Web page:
This recipe is from Yucatan by David Sterling. David knows Yucatan inside out: the homes, the markets, the small shops, the restaurants, and the street food. This dish is a street food staple, sometimes available on weekdays and always on weekends. This version uses “everything” David has seen in those street versions. Sometimes other peppers are added, or the scallions are omitted. You have perfect freedom here to mix and match away.
There is a basic, penetrating flavor that comes from the Recado Para Escabeche spice mix, a combination of black peppercorns, Mexican oregano, cloves, allspice and bay leaves. The spice balance, perfected over generations, is rich and penetrating. It does not overpower the corn, but you’ve probably never experienced corn with allspice. You are in for a treat.
While the suggestion is to serve this at room temperature, I have enjoyed it hot off the stove and cold from the refrigerator. And, as a side dish, it pairs with any protein.
Esquites: Sautéed Corn Kernels with Lime Juice, Cream and Chile
Yield: 10 servings
To prepare ahead:
- Recado para escabeche [see yesterday’s post or search on this blog]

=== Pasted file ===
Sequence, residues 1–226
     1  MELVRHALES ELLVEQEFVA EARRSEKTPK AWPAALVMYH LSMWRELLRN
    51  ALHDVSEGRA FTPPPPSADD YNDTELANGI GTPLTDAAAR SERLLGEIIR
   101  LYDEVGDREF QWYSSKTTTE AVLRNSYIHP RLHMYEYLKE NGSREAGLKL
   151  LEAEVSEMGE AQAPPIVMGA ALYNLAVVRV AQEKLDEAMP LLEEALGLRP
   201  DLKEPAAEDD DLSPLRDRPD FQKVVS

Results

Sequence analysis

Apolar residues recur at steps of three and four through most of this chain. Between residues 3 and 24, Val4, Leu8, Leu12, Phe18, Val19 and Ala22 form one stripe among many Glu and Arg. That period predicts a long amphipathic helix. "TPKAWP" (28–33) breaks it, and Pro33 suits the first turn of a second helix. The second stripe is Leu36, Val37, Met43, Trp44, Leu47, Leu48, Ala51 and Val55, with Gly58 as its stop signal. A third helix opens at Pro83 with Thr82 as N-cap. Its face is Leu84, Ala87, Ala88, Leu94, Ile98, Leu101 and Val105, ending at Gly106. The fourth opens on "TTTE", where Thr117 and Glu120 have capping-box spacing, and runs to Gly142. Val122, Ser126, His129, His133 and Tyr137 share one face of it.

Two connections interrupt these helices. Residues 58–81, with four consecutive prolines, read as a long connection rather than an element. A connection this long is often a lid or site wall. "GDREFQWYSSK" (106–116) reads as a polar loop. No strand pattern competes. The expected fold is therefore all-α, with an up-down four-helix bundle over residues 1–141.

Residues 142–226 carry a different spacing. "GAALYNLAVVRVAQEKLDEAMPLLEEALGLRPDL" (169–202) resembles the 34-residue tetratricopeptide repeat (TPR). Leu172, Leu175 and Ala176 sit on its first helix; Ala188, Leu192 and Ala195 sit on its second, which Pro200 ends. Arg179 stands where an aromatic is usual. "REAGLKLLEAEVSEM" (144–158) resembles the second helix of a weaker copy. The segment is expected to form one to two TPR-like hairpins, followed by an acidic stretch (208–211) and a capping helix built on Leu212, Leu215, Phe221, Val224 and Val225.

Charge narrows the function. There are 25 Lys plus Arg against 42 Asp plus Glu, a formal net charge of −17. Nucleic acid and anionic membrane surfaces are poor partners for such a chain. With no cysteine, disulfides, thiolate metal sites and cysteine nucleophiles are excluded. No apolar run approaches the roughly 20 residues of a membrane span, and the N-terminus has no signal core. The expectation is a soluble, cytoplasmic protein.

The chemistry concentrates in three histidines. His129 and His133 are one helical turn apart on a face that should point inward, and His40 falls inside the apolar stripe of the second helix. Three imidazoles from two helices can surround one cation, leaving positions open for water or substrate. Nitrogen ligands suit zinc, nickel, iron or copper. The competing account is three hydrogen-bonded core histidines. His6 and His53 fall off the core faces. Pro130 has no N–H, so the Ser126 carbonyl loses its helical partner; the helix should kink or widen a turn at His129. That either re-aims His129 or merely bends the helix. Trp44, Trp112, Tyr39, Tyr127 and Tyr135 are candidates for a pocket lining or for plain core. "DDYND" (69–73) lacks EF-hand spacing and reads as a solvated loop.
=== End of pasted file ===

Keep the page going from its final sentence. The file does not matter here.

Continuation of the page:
For the corn:
- ¾ cup olive oil, divided
- 4 cups fresh corn kernels
- 1 ½ teaspoons sea salt
- 1 teaspoon recado para escabeche
- 1 cup bell pepper, cut into medium slice
- 1 ½ cups chiles poblanos, charred, peeled, seeded, and cut into medium dice
- ½ cup scallions, thinly sliced diagonally, including some green
- ½ cup lime juice or Seville orange juice
- ¾ cup Mexican cream [or crème fraiche, plain yogurt or sour cream] in a squeeze bottle, thinned with a bit of milk
- 3 ½ ounces queso cotija [or feta cheese]
- Cayenne powder, to taste
- Fried tortilla chips, optional
- Lime or Seville orange wedges
Begin by sautéing the corn. Heat ½ cup of the oil in a large nonstick skillet over moderate heat. Add the corn, salt and recado and sauté 6-7 minutes, stirring constantly and scraping the bottom of the skillet to prevent sticking. The kernels should be slightly deeper golden color and barely softened but still al dente. Transfer the corn to a heatproof mixing bowl and allow to cool completely.
Add the remaining ¼ cup of olive oil and the other ingredients, except the citrus juice to the bowl of corn and toss to combine. Allow the mixture to rest at room temperature for 30 minutes to amalgamate the flavors. If you won’t be serving the dish immediately, cover and refrigerate.
If the corn has been refrigerated, bring it to room temperature. Add the juice just before serving and toss to combine. Check the seasonings.
To serve, the dish is typically presented in individual serving bowls or cups and eat with a spoon. It can also be eaten as a dip with chips. Top each serving with a squeeze of cream, some crumbled cheese, and a light dusting cayenne powder.
Serve additional crema, cheese, chile powder, chips and lime wedges on the tale. Esquites is also an excellent accompaniment for seafood dishes or grilled meats.
Source: Yucatan by David Sterling
Photo Information: Canon T2i, EFS 60 mm Macro Lens, F/4.5 for 1/25th second at ISO‑3200